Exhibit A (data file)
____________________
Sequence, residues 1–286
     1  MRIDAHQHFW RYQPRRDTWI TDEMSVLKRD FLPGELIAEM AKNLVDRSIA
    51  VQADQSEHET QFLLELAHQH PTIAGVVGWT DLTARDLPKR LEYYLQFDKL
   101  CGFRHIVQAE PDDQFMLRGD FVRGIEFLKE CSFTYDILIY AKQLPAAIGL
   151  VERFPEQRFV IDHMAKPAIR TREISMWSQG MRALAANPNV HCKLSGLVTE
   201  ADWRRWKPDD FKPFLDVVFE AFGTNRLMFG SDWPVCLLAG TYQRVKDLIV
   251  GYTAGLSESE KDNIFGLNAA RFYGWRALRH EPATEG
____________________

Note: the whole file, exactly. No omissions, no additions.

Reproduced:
Sequence, residues 1–286
     1  MRIDAHQHFW RYQPRRDTWI TDEMSVLKRD FLPGELIAEM AKNLVDRSIA
    51  VQADQSEHET QFLLELAHQH PTIAGVVGWT DLTARDLPKR LEYYLQFDKL
   101  CGFRHIVQAE PDDQFMLRGD FVRGIEFLKE CSFTYDILIY AKQLPAAIGL
   151  VERFPEQRFV IDHMAKPAIR TREISMWSQG MRALAANPNV HCKLSGLVTE
   201  ADWRRWKPDD FKPFLDVVFE AFGTNRLMFG SDWPVCLLAG TYQRVKDLIV
   251  GYTAGLSESE KDNIFGLNAA RFYGWRALRH EPATEG